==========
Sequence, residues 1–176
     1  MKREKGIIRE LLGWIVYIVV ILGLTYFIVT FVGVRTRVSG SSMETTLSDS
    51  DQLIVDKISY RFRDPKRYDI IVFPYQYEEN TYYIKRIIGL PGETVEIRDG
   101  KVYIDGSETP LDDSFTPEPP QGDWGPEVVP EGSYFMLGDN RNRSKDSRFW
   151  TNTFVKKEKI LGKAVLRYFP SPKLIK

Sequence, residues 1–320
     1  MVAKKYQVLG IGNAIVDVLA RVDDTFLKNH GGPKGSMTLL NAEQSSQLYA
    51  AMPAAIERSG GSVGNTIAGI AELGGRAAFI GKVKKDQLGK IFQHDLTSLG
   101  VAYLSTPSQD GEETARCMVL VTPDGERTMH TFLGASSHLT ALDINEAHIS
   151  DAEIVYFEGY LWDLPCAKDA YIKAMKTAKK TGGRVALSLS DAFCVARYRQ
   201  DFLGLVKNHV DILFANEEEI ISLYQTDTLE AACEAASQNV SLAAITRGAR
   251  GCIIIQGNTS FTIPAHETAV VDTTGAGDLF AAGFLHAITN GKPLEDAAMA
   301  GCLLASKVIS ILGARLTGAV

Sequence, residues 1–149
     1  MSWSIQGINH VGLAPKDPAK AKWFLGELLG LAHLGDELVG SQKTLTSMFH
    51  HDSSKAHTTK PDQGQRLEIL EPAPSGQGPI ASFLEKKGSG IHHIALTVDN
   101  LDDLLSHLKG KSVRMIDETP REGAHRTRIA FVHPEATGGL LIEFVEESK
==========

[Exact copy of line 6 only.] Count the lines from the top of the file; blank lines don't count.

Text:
Sequence, residues 1–320